|The Curiosity Shoppe|
The photo above is option two for Sowashee Power & Light which is due in less than five days now.
At least part of a southern autumn is shopping and ornaments and dishes for special occasions. A framed photo, a candle. A sign which says bless your heart all year through. The warmness of a fuzzy blanket, the scent of a particular lotion, a special soap, a gift certificate for family photos.
For that special lady. There are billions of them out there.
But kids. I don't even know what kids want these days.
One year Slater wanted a toaster. (I can't tell you how I felt as a mother when my child at ten years old looked at me and said, "All I want is a toaster. Get me a toaster.")
I just went with that feeling, "Slater, you can't just get a toaster. Christmas is not about getting an appliance." After a short pause I added, "Especially one that only does one thing."
"Because it's Christmas and I think you have to want a toy. I mean of course you're going to get socks and underwear and a new pair of jeans and maybe a sweater and do you need a coat?"
"No, I don't need any more clothes. I want a toaster."
"But a toaster. Baby, you can't need just a toaster. What does that say about me as a mother?"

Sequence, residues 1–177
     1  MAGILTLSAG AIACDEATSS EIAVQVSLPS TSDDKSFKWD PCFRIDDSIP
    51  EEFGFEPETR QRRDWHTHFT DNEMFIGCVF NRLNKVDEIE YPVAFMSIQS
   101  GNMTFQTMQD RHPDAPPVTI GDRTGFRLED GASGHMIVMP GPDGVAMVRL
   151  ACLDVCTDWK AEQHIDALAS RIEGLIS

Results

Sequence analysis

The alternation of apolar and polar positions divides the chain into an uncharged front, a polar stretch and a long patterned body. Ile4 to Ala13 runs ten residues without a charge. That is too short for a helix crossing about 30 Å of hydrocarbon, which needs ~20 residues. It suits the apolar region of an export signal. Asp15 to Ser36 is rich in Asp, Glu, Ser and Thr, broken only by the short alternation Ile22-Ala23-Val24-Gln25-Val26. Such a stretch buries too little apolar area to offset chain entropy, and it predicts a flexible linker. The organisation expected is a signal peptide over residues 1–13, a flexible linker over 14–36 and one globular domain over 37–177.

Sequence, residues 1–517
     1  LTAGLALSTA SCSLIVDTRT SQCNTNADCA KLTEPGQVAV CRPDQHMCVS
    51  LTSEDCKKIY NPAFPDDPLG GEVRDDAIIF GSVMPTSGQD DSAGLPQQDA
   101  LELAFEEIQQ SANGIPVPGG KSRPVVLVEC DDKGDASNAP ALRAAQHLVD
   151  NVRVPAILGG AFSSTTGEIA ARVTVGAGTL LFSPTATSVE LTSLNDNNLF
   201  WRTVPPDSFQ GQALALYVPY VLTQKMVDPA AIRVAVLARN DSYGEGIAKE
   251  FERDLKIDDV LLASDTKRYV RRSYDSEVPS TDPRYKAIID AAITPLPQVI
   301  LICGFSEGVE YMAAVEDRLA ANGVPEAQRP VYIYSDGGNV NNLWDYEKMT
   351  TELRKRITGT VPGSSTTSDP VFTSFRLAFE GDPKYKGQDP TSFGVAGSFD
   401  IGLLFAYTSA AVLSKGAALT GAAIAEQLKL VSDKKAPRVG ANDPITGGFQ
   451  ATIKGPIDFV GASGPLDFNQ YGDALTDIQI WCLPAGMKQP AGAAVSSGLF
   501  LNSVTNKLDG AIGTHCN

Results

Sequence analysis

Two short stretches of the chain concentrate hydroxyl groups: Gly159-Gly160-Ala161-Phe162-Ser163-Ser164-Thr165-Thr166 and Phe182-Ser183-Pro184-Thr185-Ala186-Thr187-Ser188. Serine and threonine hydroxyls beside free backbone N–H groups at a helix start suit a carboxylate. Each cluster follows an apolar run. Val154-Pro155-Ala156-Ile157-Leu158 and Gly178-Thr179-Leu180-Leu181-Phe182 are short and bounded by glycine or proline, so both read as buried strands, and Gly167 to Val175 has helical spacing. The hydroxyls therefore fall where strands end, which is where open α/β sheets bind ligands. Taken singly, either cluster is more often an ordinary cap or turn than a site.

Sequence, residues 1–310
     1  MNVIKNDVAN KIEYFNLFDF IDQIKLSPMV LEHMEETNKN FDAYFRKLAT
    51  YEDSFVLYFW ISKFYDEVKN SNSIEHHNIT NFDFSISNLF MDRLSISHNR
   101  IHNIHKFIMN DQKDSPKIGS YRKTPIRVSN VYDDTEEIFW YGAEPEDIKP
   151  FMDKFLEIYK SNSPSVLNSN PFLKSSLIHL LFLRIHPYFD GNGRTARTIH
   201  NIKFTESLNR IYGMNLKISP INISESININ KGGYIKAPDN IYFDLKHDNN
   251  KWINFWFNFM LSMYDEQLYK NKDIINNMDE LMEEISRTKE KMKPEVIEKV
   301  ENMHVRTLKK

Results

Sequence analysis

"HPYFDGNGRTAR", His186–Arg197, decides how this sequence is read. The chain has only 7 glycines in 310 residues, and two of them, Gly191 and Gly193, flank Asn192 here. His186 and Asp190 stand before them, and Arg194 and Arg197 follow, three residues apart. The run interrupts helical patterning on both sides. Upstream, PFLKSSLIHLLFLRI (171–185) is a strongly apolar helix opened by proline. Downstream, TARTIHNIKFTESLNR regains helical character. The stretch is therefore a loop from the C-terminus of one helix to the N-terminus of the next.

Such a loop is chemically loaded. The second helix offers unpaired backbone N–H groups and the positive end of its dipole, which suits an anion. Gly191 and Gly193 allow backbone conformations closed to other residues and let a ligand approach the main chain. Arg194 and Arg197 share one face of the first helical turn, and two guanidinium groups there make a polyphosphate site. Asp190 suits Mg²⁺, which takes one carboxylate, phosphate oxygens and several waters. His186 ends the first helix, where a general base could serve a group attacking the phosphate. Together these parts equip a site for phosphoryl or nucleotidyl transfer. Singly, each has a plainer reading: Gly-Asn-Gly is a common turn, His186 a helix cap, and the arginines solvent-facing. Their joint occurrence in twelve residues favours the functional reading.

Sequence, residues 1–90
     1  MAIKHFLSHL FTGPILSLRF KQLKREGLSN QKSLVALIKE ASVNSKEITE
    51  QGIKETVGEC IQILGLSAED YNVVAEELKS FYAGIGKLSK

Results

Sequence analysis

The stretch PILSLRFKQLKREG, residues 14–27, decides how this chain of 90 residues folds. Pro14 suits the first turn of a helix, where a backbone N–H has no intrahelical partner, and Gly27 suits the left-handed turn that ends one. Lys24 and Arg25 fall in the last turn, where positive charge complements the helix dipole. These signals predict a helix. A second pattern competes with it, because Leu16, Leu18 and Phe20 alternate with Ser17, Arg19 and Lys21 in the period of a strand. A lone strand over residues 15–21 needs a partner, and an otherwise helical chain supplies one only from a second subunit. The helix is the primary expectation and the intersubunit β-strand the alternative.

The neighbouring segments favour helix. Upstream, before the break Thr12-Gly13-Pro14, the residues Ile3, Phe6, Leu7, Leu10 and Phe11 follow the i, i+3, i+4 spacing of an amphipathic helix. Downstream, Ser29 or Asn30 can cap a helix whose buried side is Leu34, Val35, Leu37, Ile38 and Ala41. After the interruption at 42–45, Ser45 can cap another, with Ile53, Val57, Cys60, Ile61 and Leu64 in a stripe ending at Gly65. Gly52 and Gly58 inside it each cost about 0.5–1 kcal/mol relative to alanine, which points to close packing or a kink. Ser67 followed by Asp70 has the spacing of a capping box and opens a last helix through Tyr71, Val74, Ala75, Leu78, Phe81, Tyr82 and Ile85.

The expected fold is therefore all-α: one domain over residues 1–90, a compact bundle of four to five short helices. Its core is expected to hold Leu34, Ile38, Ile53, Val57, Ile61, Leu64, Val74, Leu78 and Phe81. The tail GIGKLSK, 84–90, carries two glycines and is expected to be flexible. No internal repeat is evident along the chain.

"What do you mean?"
"There's a couple o' things. First, it sounds like you can't even make toast. And that's a lie. All you have to do is open up the oven, put the bread in and turn it on. Turn it off when you're done. Secondly, you sound like some poor child who has no way to warm his bread."
"But I want a toaster."
"But a toaster only does one thing. It only toasts. An oven does that and more. Why would you want an appliance that only does one thing?"
"I don't care. I want a toaster."
"You have to pick out a toy, too."
"Because it's Christmas, child." (exclamation point)
The hardest person for whom to buy something is the guy who only wanted a toaster and refuses to throw away his old pair of shoes and even today does what temperature will it be if I refuse to turn on the heat experiments in his apartment. I asked him how his roommate felt about the temperature thing. "Oh yeah, he's totally into it," he said. "Right now though he's sick and in bed and I have to put on rudimentary clothing, you know, to check the thermostat."
"Rudimentary? Your roommate is sick. Yeah. Check the thermostat." I smile. My kid.
The roommate most likely needs some good socks as well, but at least there's a toaster he can use.
His Nana bought him a toaster that year.
Today I am grateful for a toaster and what it meant to my kid.
Here is his movie recommendation during a southern autumn this year.